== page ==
Let's reframe some of our common assumptions about addiction.
Are all people who struggle with substance abuse just selfish?
Among family, friends, and loved ones of those struggling with addiction and substance abuse, one of the common accusations directed at the afflicted person is that they are "selfish". Their actions are selfish, their drug or alcohol abuse is selfish, and they, at their core, are just selfish, self-centered, narcissists.
Sure. We can say that.
But what if they're not?
"What? Cory! How can you say that?" you shout, as you often do in my head, "Isn't it selfish to spend all your time getting high or drunk and ignoring your family!?"
Good question, brain critic. I think that whether we decide they are selfish is purely subjective, and depends on if we believe they are addicted, if we understand what addiction implies, or if we believe they are inherently bad people.
I believe in always assuming positive intent, which means I don't assume that when people do things, they are doing so with the primary purpose of hurting me, but rather that they are doing so with the purpose of helping themselves in the best way they know how. If they are experiencing such pain that they can't see the effects of their actions (they can, and it hurts them to know that a thing they can't help is hurting those they love), I choose to have compassion for anyone going through that level of mental anguish.
I don't agree that addiction is selfish. People don't choose to be addicted, or to experience the trauma that leads to addiction. Our society convinces us that addiction is a choice, but science and addiction medicine don't support that assumption.
I find it far more likely that addiction is the result of a self-destructive traumatic response, an attempt to self soothe. The self-deception required for those struggling to live with the adaptive decisions that are keeping them alive, in the wake of their trauma, is the very self-deception we see, when we experience what we consider negative behavior, such as lying, insulting, and pushing away those who care about them.
Addiction is an adaptation to unlivable trauma. It's an attempt to self-regulate. I wouldn't wish it on anyone, and I choose not to take it personally.
Coming to this conclusion takes a deeper understanding of the function of addiction, but if I had to simplify (which I will, as this is a blog and not a book) it's sort of a self-perpetuating cycle. Shame plays a huge role in addiction, and it's also what keeps most from pursuing recovery. Shame is also what fuels their denial. This isn't them trying to shirk responsibility, think of it more like PTSD, and how you repress traumatic memories. Until the person has the time, emotional energy, and support to address ALL of it, they have to keep it suppressed and not acknowledge it.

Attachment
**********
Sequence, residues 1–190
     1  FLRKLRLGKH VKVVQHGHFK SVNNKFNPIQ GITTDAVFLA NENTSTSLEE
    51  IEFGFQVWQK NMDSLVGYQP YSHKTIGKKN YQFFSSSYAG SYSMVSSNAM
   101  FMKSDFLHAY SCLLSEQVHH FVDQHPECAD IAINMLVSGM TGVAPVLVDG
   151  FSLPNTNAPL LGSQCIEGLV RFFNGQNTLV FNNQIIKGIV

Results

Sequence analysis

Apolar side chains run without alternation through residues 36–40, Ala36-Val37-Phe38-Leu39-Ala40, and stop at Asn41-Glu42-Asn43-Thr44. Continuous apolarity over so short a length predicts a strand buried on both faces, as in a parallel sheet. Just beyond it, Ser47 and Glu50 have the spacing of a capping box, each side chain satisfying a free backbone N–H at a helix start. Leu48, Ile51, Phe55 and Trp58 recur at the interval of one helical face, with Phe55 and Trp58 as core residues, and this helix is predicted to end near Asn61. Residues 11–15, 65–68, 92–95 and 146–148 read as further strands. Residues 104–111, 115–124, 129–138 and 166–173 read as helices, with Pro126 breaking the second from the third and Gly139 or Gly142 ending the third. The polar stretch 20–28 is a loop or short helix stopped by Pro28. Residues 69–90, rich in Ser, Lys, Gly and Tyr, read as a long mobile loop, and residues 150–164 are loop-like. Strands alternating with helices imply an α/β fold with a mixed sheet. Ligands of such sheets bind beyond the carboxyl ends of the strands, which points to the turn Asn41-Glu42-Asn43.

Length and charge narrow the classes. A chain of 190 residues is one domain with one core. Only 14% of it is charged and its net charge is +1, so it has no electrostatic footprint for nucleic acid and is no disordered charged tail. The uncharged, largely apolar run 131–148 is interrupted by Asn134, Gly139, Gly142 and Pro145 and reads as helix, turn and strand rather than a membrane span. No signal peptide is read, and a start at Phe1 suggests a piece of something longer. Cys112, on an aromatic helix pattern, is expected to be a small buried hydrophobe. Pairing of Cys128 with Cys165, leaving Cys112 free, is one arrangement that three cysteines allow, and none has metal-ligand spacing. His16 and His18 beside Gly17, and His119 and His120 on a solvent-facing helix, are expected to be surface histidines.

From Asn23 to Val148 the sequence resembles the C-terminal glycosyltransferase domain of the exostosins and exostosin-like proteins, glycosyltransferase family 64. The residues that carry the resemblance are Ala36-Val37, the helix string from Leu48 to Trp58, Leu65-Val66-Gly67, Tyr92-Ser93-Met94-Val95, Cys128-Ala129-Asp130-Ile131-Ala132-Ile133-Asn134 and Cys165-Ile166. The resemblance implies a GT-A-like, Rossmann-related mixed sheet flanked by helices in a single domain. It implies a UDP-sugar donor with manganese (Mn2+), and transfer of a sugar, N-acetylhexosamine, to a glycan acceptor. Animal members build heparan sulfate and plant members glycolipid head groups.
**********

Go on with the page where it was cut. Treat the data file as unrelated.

Many who struggle with addiction also experience thoughts of suicide. So there's a real risk there of them losing that control as well if they were to unzip all that trauma at the wrong time, when they don't feel equipped to manage it.
This is a really under-represented perspective, but people are finally starting to be ready for it. If you're reading this, and have gotten this far, that means you're ready for it too, and I'm so happy to have you with us. Over the next few months I'll be releasing books, programs, and resources, for families and loved ones of people struggling with substances abuse.
Open-mindedness and a willingness to pursue recovery for ourselves and our loved ones is so important, in order to make a difference. Only about 17% of people who struggle with addiction ever receive the treatment they need. It's gotten even worse with the pandemic. With more people willing to learn about addiction and have compassion, we will hopefully be able to lead more people to recovery, and shift that statistic.
Did this blog post help you? If you're looking for more answers for a loved one struggling with addiction, schedule a free connection call with me.